Amanda Beehag may have been short in stature, but the Canberra woman was a giant in many other ways, with a moral courage second to none.
Those were the words of Christine Brierley as she paid tribute to Ms Beehag, her friend of 36 years, who died on June 1 following injuries sustained in a crash with a marked police car in Kaleen on May 4.
The police officer involved in the crash has been suspended from duty and will be summoned to face court on a charge of culpable driving of a motor vehicle causing death.
Ms Brierley said Ms Beehag, 54, was a brave and fearless person who was never afraid to speak her mind and stand for the truth, even when it was to her own detriment.
"She was a loyal friend and acted with integrity," Ms Brierley said.
"She was a compassionate person who did the right thing by people even if she did not agree with them."
Ms Beehag was a sporting fanatic with a particular love of cricket.
She played grade cricket in NSW and England before becoming a widely respected coach and sporting administrator, with tributes flowing from some of the sport's leading figures, including former Australian women's cricket captain Lisa Sthalekar.
Affectionately known as "PJ", Ms Beehag also played softball and soccer, spending the last seven years as a key member of the Canberra Olympics Medusas masters soccer team.
Teammates said that despite being the second oldest member of the team, she was one of the fastest and fittest, and an inspiration to them all.
In recent years, Ms Beehag worked at the Australian Sports Anti-Doping Authority, Special Olympics Australia and the Australian Sports Commission.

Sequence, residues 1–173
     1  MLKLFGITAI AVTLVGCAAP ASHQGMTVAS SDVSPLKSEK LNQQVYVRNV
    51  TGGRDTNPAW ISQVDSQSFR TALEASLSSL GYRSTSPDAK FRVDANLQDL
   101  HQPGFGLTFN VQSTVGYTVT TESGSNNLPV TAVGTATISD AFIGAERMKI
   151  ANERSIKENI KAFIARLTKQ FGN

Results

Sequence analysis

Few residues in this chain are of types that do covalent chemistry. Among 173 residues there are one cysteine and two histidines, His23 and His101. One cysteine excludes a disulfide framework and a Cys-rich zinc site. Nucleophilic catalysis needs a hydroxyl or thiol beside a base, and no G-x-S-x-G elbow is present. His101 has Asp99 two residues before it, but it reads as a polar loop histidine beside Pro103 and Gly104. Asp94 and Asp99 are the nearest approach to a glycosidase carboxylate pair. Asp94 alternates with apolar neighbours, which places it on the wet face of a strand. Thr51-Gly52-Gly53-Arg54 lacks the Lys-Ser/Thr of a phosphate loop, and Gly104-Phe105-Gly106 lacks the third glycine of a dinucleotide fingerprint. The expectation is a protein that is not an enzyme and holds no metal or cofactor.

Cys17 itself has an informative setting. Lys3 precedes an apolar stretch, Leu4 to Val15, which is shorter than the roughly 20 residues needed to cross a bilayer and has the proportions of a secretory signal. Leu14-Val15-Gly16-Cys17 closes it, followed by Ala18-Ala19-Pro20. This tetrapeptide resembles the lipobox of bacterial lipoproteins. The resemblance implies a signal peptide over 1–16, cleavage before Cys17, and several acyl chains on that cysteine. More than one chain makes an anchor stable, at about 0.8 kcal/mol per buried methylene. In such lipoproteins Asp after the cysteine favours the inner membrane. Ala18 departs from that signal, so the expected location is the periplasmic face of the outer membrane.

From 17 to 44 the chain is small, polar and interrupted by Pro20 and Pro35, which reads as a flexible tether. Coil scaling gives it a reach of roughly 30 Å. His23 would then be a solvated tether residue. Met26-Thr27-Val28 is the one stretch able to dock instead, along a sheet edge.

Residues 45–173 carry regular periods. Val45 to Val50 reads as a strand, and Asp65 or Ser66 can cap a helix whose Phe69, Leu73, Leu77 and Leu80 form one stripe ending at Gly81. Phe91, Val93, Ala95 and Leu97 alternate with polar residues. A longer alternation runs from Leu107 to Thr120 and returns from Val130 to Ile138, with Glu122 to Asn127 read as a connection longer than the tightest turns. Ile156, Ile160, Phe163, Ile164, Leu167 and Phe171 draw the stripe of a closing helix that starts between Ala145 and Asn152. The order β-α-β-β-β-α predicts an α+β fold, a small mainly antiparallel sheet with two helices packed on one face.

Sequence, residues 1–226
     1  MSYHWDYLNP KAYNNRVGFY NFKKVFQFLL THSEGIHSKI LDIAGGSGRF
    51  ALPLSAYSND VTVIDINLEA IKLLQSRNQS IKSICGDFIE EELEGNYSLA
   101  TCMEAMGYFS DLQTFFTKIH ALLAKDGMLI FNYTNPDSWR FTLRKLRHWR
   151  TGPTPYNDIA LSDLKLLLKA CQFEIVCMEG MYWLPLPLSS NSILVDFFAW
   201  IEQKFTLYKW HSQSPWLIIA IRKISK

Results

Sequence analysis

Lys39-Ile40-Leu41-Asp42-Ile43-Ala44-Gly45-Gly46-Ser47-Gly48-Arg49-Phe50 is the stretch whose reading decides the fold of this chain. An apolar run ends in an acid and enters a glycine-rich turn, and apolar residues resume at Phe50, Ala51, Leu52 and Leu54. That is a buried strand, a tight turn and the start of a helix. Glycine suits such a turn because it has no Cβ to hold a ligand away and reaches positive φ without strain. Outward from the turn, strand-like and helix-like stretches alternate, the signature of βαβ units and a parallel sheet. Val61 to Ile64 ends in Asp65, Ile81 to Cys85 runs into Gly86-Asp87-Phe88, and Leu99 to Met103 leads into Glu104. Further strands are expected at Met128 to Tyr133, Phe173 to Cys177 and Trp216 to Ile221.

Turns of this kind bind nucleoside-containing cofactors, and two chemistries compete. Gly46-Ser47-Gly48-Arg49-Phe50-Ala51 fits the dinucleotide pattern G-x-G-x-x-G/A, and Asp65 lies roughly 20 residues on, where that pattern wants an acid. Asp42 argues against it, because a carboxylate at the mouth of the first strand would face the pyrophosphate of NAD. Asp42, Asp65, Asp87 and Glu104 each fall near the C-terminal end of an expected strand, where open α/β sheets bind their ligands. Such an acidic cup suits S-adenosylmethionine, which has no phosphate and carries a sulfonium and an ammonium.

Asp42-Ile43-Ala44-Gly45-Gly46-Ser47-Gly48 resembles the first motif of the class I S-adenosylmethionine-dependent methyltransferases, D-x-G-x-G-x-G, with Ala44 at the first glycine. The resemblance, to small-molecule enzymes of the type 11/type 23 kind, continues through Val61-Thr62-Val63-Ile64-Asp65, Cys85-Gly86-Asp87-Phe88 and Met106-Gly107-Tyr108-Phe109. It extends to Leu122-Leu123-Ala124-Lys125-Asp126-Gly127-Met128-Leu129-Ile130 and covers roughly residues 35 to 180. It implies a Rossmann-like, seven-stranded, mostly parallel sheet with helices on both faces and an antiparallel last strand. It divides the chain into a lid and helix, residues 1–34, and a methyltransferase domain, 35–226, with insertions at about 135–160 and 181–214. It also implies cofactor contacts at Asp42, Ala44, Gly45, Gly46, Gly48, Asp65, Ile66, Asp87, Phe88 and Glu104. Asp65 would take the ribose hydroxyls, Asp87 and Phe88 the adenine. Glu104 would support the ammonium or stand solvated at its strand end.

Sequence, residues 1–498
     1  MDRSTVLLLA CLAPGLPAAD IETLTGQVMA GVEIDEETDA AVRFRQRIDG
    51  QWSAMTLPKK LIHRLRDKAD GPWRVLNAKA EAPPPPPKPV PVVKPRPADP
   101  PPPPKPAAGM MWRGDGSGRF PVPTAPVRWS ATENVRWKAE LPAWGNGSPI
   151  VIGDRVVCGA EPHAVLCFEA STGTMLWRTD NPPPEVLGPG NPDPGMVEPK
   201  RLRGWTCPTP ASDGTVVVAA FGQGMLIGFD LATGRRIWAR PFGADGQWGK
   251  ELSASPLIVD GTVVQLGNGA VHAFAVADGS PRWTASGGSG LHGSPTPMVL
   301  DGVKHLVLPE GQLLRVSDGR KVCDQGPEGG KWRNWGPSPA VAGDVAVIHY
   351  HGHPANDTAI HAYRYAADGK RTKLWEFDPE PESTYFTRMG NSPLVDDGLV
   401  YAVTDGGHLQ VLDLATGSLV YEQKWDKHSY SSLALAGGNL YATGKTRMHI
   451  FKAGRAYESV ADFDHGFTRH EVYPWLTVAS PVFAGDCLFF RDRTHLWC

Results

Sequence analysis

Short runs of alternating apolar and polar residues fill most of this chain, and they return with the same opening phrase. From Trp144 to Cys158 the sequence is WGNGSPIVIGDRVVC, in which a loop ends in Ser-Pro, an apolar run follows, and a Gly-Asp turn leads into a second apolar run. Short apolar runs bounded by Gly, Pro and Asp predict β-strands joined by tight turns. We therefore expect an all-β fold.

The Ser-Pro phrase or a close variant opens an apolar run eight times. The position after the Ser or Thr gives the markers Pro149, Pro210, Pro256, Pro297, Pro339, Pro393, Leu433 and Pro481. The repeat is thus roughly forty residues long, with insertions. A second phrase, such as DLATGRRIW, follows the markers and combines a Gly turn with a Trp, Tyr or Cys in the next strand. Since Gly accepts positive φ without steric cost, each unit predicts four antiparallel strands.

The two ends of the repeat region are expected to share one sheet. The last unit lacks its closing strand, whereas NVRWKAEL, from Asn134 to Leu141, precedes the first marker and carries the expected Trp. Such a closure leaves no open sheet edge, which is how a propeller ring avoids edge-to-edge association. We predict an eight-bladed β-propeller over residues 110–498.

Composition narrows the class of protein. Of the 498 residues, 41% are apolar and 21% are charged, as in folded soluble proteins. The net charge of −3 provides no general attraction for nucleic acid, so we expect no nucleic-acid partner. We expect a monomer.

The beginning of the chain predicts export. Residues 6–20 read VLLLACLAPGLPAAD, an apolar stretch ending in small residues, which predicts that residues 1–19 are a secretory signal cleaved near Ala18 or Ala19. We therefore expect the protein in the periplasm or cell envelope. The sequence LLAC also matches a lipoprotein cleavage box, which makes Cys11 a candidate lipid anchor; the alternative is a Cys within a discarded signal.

In a statement, her family said she was a "spirited, yet gentle soul", who was passionate about sport and the people in it.
"From a young age, she had an unwavering commitment to her family, friends and work colleagues, and truly believed in the causes she supported," Ms Beehag's family said.
"We are humbled by her many friends who came from all facets of Amanda's well-travelled and eventful life to help us celebrate her.
"We take some strength in knowing the effect her compassion, wit, and loyalty has had on those around her.
"May she rest in peace, never forgotten, forever missed."
Lauren Camino, who worked with Ms Beehag at Special Olympics Australia, said her passion for sport had rubbed off on many people with disabilities.
She said Ms Beehag helped many athletes with disabilities fulfill lifelong dreams last year when she took Team Australia to the World Winter Games in Austria, in her final overseas trip with the organisation.
"Amanda was dedicated to improving the lives of people with disability through sport and had a positive impact on all of the athletes she met," Ms Camino said.
"She helped give athletes further resilience to strive to do their best and persevere to keep going."
Michelle Knights, a friend who played cricket and softball with Ms Beehag, said Ms Beehag loved a challenge and gave "110 per cent" to everything she did.
The pair played softball together at the World Masters Games in Turin in 2013, and tried to catch up every year at a Test cricket match.
They had hoped to attend a Test at each of Australia's major venues, and had made it to Brisbane, Sydney and Adelaide, visiting the latter for a Test four or five times in the past 10 years.
"Being able to combine sport and travel was a bonus as Amanda loved both," Ms Knights said.
Ms Beehag's family asked anyone wanting to pay tribute to make a donation to the Jane McGrath Foundation or the Salvation Army in her memory.